McCreary’s plea comes nine months after he first told FBI investigators that it was not Trump supporters but "antifa" who stormed the halls of government. He was arrested Feb. 3, during which his cell phone was confiscated.
On Thursday McCreary accepted a misdemeanor plea of entering or remaining in a restricted building, a charge that carries a maximum of one year in prison but sentencing guidelines of zero to six months, according to the Court House News Service.
During McCreary’s hearing, U.S. Chief Judge Beryl Howell noted that McCreary provided eight video clips to the FBI that documented the violent mob.
“When you were filming, did you hear — as captured on video — ‘where are they counting the fucking votes?’” Howell asked to confirm that McCreary partook in different activities inside the Capitol.
“A lot of people were yelling, your honor,” McCreary said. “I was trying to capture what was happening.”
McCreary also admitted to following the mob inside the Capitol and realizing he should have known that he wasn’t supposed to be there.
“I realized upon reflection that that should have been obvious to me,” McCreary said.
Among the videos of the violent mob, one showed rioters attacking Capitol Police Officer Eugene Goodman. Goodman a Black Capitol Police officer, heroically diverted a mob of angry Donald Trump supporters away from the Senate chamber during the Jan. 6 Capitol insurrection. Video footage shared to social media depicted him acting quickly and selflessly as angry mob members stormed the building.
Two others pleaded guilty Thursday, bringing the total number of guilty pleas up to 103. Last week, U.S. District Judge Thomas Hogan shared that he was afraid some rioters were taking early plea deals with no remorse for their actions, and were only saying whatever they thought prosecutors wanted to hear.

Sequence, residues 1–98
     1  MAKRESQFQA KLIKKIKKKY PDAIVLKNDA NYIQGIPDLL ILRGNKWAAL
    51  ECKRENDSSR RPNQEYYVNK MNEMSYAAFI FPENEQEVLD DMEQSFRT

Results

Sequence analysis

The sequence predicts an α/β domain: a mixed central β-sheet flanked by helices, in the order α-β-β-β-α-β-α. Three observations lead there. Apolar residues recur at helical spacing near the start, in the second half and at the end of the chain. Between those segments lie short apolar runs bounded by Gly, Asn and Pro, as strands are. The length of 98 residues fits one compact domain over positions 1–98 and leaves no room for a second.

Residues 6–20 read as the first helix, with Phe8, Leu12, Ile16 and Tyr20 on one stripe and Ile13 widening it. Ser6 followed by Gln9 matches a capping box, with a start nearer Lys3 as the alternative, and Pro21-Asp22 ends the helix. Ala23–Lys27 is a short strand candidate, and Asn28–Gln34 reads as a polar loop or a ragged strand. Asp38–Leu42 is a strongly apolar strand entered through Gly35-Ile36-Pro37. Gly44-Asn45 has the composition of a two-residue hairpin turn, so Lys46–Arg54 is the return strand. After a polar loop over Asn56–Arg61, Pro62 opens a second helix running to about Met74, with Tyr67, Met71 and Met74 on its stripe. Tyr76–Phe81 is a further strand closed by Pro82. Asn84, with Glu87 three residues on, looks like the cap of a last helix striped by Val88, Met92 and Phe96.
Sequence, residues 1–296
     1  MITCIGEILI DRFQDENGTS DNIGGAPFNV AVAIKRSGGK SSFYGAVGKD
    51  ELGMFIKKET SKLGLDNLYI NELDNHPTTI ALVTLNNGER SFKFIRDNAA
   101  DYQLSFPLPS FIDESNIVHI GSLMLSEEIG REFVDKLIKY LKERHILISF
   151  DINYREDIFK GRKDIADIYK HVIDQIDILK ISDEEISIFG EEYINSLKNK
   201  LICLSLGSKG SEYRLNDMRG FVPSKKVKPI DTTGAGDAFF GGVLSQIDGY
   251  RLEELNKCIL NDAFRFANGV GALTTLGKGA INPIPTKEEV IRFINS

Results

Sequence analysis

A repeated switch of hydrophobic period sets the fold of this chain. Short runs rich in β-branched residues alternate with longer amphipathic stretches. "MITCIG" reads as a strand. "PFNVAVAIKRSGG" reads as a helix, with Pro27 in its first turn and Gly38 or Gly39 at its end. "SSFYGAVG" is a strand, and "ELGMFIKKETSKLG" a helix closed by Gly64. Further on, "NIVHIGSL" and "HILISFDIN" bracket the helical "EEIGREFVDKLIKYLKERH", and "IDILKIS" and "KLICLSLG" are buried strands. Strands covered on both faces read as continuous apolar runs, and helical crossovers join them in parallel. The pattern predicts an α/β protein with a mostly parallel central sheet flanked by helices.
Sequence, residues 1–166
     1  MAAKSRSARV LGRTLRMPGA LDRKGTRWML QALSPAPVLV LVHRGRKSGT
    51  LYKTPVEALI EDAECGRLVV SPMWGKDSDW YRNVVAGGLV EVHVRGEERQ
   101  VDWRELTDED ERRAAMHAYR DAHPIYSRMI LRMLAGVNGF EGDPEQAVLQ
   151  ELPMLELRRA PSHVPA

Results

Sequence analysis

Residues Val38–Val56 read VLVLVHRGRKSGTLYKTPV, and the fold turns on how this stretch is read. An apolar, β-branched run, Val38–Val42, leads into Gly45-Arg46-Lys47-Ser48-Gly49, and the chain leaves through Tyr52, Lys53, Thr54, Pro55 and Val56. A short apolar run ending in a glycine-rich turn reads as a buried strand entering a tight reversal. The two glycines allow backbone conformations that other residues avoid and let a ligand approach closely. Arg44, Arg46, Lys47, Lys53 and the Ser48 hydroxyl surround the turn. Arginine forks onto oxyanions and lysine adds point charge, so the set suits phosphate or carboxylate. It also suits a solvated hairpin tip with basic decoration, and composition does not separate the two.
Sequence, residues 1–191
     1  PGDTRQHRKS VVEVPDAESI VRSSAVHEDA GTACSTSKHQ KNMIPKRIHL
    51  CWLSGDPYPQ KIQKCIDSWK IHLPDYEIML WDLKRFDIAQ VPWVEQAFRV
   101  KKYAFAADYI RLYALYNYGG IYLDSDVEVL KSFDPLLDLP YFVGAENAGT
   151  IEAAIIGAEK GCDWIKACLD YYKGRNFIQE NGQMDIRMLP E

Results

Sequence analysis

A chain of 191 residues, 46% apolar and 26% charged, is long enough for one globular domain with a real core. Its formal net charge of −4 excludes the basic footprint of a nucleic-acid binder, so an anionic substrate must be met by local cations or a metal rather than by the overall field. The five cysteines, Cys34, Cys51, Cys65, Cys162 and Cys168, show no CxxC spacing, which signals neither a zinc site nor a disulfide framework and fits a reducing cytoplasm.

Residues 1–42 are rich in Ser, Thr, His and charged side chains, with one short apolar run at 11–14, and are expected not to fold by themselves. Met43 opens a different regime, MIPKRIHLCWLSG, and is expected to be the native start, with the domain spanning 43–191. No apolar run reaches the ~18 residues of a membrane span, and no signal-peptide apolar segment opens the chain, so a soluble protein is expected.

“It’s become evident to me in the riot cases … that many of the defendants who are pleading guilty are not truly accepting responsibility. They seem to me to be trying to get this out of the way as quickly and as inexpensively as possible and stating whatever they have to say in guilty pleas and hoping to get probation and leave,” Hogan said.
Most of the 100 rioters who have pleaded guilty have admitted to a lesser crime than what they were originally charged with, including parading, demonstrating, or picketing in the Capitol—Class B misdemeanors that carry a maximum sentence of six months in jail. As a result, many of these individuals avoid being tried on multiple charges, some of which carried more potential prison time.
Other newly released Jan.6 insurrection videos include the infamous Eric Munchel, coined the "zip-tie guy," and his mother, Lisa Marie Eisenhart, who worked their way through protesters to end up in the U.S. Senate gallery during the insurrection.
According to the Nashville Tennessean, a federal judge overseeing the case against Munchel and Eisenhart ordered the release of the 50-minute video that was recorded on a cell phone that the son wore on his vest during the riot. "I'm going to get me some of them motherf***ers," Munchel said in the video as he and his mother grabbed handfuls of plastic handcuffs or zip ties.
Both Munchel and Eisenhart are awaiting trial on federal charges.
Officials are strategically using footage posted online by those who attended the riots to prosecute them. As time continues to pass, more individuals are being charged daily.
“The country is watching to see what the consequences are for something that has not ever happened in the history of this country before,” U.S. District Judge Tanya Chutkan said, “for actions and crimes that threaten to undermine the rule of law and our democracy.”
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